Tuesday, June 23, 2015

Chasing a younger me

I signed up for the Houston Marathon. January 17, 2016. It will be marathon #19 (or 21, depending on whether you count the 26.2 miles after the 144.4 preceding miles at IMFL and IMLP). It is a goal race. (No. I am not able to do this "just for fun.") A big goal. I want to qualify for Boston. (Note that I waited until I aged into a qualifying time that seemed more realistic.) 4 hours. Flat. I probably need to run under 4 hours to make the cut.

I might actually have to run faster than a 24/25-year old me who ran just under 4 hours at Marine Corps Marathon (either 1988 or 1989...I can't remember. And, yes. I know that's one of the signs.)

Not many details of that particular marathon. So long ago. I had run the Shamrock Marathon that same year (I think). Also just under 4 hours. All I remember about training leading up to MCM was a lot of very long tempo runs. About 2-3 weeks earlier, I ran a half marathon on a hilly course in my fastest time ever. I vaguely recall hitting the halfway point of the marathon somewhat faster and thinking, "uh oh." And I sort of remember that the last 10k of that marathon was exceedingly long. And painful.

Luckily, I am not undertaking this journey solo. I will have a training partner. She is younger. Fresher. Faster. She doesn't quite know it yet, but she is in charge of making me run like I am 25 again.

It won't be easy. My last standalone marathon was in 2012. I had walking pneumonia. That excruciating 4:52 doesn't count. My most "recent" fastest marathon was a 4:11. Ten years ago. The others (unless I had pneumonia or was running with someone else as a pacer), have been in the 4:20 range. I have my work cut out for me. Even the trusty McMillan Calculator has me only at 3:55 when I factor in my fastest half marathon in the last 5 years, but a 4:06 using my fastest half marathon this year.

Of course, I can't keep it simple and just focus on marathon training. I have committed to training for a half ironman in October. Which will leave me about 14 weeks to run myself into BQ marathon shape. Not ideal. But, heck. When is marathon training ever ideal?

How cool would it be, though, if I could run as fast or faster than I did 26 years ago?

Right now, I am probably a good 2 or 3 miles behind that young lady. But I will dog her footsteps, run into her shadow, and keep going until I clip her heels and breeze on by.

If I manage that...well, it's champagne for everyone!

Tuesday, June 2, 2015

From There to Here

Many years ago...maybe 15 or more...I was in the elevator at work and a colleague stepped in with me. I didn't really know him other than to know he worked at the same company, different division, and that he used to be severely obese but had, over a few years time, lost a significant amount of weight. 

He turned to me that day, and said, "I want to thank you." 

"For what?" I asked, confused.

"For saving my life," he said. "You motivated me to exercise and lose weight and finally get healthy."

It turns out, when he had seen me coming back in from lunchtime runs, we had frequently talked about running and why I did it and how I started. I doubt I ever said anything particularly profound or especially motivating. But I imagine I told him if he started slow, he could run too, and realize all the benefits of an active lifestyle.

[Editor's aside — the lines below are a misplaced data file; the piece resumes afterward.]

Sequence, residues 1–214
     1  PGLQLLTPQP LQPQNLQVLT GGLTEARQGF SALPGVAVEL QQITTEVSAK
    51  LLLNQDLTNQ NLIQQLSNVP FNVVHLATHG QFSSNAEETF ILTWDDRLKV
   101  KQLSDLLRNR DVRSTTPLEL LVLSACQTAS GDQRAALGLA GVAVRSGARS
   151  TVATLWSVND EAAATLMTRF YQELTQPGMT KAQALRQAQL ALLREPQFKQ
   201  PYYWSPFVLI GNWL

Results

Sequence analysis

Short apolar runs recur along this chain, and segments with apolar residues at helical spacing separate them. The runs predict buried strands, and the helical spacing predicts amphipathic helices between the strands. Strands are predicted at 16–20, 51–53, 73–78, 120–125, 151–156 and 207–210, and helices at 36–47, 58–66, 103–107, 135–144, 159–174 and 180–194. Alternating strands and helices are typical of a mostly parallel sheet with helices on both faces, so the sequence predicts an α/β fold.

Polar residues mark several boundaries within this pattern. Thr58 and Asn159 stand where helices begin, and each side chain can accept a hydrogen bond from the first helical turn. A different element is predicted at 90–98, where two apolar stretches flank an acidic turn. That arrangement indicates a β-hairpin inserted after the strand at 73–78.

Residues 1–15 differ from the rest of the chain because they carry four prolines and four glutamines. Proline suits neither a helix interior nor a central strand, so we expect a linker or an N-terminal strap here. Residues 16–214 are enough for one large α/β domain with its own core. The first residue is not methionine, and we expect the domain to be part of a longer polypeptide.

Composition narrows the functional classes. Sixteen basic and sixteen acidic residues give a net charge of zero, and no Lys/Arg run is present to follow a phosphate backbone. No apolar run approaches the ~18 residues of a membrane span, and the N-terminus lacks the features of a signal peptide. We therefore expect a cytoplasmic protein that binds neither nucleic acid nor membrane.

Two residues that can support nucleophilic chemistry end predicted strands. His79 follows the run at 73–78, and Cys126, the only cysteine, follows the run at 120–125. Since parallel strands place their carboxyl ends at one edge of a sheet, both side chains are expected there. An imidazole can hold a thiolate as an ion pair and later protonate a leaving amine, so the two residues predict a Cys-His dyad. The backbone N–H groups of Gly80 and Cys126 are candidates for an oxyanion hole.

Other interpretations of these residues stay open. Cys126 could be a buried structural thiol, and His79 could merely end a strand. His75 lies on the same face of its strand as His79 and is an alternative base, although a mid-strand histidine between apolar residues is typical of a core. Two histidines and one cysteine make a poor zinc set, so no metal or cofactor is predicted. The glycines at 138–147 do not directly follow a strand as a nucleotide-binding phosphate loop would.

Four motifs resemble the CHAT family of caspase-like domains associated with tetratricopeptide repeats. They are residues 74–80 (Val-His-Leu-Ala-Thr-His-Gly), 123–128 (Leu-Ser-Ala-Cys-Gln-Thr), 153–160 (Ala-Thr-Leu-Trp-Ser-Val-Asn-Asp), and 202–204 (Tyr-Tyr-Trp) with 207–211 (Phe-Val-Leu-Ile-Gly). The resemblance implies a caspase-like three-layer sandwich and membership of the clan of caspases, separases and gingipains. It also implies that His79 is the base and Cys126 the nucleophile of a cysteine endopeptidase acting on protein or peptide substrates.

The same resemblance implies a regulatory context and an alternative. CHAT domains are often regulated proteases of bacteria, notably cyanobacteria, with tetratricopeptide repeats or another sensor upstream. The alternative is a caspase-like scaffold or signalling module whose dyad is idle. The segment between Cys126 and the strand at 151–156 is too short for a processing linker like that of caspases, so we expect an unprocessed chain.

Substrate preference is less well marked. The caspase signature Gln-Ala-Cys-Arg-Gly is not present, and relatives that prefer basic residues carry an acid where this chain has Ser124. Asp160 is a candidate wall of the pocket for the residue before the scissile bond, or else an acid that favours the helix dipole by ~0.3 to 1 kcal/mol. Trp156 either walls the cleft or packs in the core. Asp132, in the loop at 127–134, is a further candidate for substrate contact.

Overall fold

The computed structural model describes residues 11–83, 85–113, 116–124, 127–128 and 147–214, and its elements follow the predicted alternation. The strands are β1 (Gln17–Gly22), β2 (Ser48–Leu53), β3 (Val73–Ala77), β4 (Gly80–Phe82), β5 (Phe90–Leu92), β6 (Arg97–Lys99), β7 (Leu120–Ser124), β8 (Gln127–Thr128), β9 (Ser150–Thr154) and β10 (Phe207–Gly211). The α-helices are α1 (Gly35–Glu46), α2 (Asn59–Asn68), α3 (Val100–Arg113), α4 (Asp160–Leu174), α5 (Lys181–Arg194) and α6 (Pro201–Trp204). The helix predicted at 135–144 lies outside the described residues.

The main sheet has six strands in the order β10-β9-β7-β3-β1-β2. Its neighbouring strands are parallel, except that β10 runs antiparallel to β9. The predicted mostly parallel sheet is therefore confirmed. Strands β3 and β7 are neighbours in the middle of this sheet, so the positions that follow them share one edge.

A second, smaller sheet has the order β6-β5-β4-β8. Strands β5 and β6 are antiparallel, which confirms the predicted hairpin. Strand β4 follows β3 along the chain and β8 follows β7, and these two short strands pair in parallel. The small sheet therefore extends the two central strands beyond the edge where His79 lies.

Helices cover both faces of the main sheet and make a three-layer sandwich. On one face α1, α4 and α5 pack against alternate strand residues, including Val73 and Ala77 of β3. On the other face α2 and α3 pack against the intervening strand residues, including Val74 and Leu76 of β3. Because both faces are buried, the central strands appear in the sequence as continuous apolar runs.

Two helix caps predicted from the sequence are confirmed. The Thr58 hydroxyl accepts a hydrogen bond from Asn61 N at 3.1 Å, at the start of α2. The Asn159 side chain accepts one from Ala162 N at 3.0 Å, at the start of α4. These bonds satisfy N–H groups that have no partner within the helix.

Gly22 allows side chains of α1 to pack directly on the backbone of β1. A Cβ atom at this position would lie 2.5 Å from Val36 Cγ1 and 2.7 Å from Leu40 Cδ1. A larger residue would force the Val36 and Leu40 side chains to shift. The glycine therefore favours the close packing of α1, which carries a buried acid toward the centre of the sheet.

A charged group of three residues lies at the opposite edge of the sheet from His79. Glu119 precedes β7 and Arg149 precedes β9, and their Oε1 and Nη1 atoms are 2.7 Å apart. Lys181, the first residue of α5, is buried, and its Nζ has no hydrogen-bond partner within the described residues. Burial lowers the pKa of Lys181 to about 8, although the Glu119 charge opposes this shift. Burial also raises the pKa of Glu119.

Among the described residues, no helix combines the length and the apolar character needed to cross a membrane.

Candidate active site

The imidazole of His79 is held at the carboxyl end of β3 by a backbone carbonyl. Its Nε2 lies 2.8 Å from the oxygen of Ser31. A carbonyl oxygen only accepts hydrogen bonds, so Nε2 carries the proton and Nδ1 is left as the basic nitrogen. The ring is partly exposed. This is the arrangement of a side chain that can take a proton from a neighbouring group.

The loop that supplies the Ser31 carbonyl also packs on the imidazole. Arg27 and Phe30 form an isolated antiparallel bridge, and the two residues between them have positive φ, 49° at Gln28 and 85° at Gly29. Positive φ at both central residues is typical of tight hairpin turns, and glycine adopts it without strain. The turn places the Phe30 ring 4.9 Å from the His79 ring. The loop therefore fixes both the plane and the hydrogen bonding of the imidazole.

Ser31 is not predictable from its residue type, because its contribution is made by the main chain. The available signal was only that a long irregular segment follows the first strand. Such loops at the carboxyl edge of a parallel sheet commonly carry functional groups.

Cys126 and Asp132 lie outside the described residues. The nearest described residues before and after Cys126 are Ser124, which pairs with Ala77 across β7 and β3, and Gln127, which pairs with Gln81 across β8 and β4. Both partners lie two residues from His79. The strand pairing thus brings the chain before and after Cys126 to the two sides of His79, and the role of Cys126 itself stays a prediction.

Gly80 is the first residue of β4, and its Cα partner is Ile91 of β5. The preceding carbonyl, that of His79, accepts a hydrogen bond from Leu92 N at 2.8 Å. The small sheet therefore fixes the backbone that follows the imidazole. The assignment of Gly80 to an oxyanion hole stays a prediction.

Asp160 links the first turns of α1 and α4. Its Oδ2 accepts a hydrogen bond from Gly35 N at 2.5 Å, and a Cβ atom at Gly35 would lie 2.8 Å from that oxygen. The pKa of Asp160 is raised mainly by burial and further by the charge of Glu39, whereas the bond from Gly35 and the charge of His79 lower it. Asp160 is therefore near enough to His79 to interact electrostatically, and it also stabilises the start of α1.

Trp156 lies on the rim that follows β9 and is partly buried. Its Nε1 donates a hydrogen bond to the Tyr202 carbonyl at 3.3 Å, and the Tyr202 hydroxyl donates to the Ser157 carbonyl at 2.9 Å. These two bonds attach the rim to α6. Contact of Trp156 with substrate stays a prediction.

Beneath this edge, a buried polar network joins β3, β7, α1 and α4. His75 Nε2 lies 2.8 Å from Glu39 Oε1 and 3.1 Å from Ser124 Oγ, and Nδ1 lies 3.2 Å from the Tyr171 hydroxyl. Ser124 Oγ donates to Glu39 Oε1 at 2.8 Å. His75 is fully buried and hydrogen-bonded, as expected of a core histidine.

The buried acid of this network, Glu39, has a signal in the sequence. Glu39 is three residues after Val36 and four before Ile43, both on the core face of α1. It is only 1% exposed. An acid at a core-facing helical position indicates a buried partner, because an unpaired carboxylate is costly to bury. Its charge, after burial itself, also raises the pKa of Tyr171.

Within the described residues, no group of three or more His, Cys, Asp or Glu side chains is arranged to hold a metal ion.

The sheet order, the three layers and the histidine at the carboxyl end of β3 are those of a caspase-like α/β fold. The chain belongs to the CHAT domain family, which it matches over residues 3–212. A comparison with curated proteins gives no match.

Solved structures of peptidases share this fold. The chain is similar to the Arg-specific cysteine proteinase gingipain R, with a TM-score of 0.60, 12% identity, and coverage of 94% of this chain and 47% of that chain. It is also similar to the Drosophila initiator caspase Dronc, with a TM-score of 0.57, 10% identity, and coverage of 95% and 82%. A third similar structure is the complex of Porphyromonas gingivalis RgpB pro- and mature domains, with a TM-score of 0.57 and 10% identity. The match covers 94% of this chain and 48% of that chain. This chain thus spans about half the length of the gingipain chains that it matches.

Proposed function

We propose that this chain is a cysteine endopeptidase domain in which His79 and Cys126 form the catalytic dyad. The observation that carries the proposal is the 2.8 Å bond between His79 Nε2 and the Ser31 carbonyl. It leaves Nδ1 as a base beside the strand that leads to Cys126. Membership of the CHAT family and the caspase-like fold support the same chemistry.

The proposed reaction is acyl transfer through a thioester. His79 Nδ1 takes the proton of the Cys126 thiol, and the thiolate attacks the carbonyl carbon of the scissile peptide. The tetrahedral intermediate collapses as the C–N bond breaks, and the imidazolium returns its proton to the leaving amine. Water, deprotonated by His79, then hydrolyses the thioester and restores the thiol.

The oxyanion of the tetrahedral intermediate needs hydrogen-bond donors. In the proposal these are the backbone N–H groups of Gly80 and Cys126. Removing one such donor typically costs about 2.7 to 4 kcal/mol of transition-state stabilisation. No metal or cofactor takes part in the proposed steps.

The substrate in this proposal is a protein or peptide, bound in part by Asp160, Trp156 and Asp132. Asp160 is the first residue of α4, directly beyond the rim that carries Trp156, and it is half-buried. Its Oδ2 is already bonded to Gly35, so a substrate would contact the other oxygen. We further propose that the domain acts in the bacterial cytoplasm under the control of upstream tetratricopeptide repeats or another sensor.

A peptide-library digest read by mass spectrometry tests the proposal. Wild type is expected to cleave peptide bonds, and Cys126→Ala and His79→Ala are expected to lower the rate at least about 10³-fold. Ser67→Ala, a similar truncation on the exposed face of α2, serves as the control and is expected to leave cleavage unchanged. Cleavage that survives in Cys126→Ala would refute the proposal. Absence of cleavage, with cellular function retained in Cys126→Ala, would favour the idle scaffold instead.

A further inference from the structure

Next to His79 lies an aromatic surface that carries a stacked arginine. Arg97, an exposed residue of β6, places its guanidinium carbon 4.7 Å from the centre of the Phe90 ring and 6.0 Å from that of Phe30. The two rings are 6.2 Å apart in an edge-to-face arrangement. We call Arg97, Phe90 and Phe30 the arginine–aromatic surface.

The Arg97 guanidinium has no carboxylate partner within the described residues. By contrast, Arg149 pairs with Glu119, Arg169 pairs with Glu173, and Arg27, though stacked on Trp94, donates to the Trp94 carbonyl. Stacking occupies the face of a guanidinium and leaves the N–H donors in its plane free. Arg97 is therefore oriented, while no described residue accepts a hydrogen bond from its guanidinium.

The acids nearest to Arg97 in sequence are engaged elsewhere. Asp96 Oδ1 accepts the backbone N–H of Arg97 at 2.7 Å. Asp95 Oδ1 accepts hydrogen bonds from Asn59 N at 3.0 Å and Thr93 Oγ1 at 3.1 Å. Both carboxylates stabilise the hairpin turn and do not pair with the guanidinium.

"You saved my life."

Humbling. Certainly not deserved. 

He saved his own life with his own decisions to change.

Even then, though, becoming a coach had never crossed my mind.  

I had a corporate career that was fairly demanding and that I was fairly good at. I had advanced through the ranks, as they say. I was well compensated. On the side, I ran, and I coached for charity programs. Strictly for the perks and travel opportunities.

I wasn't qualified to be a "real" coach.

'Lo these many years later, I have ditched the corporate job, and upwards of 50 people know me as "Coach Karen." They are runners and triathletes in our Fleet Feet training programs. They are triathletes who have hired me to guide them to their next big race. They are triathletes who simply need someone on the pool deck helping them tweak their swim.

I still don't think I'm qualified to be a "real" coach. 

(Shh. Don't tell my athletes that.) 

Despite the certifications; the continuing education seminars, clinics, and webinars; and the endless research and consultation with other experts.

"Real" coaches are folks with real credentials. I've met them. Jamie Turner, Gwen Jorgensen's coach. Bobby McGee, coach to elite triathletes around the world. Gordo Byrn, who made a name for himself both as an elite athlete and coach to many others. 

Compared to them, I am a poser. But I will continue to pose, for as long as it lasts. 

Because I really, really like what I do. I like writing training plans. I like working one-on-one with all different athletes of all different abilities and experiences. I like sharing what I've learned and, hopefully, teaching folks new techniques that will help make them better, faster, more efficient. 

If you had said to me in that elevator, all those years ago, that I would end up here, working at Fleet Feet Sports and coaching runners and triathletes in the metro Jackson, Mississippi, area, I would have surely thought you had lost your mind. 

Yet, I journeyed from there to here.

And it's all good.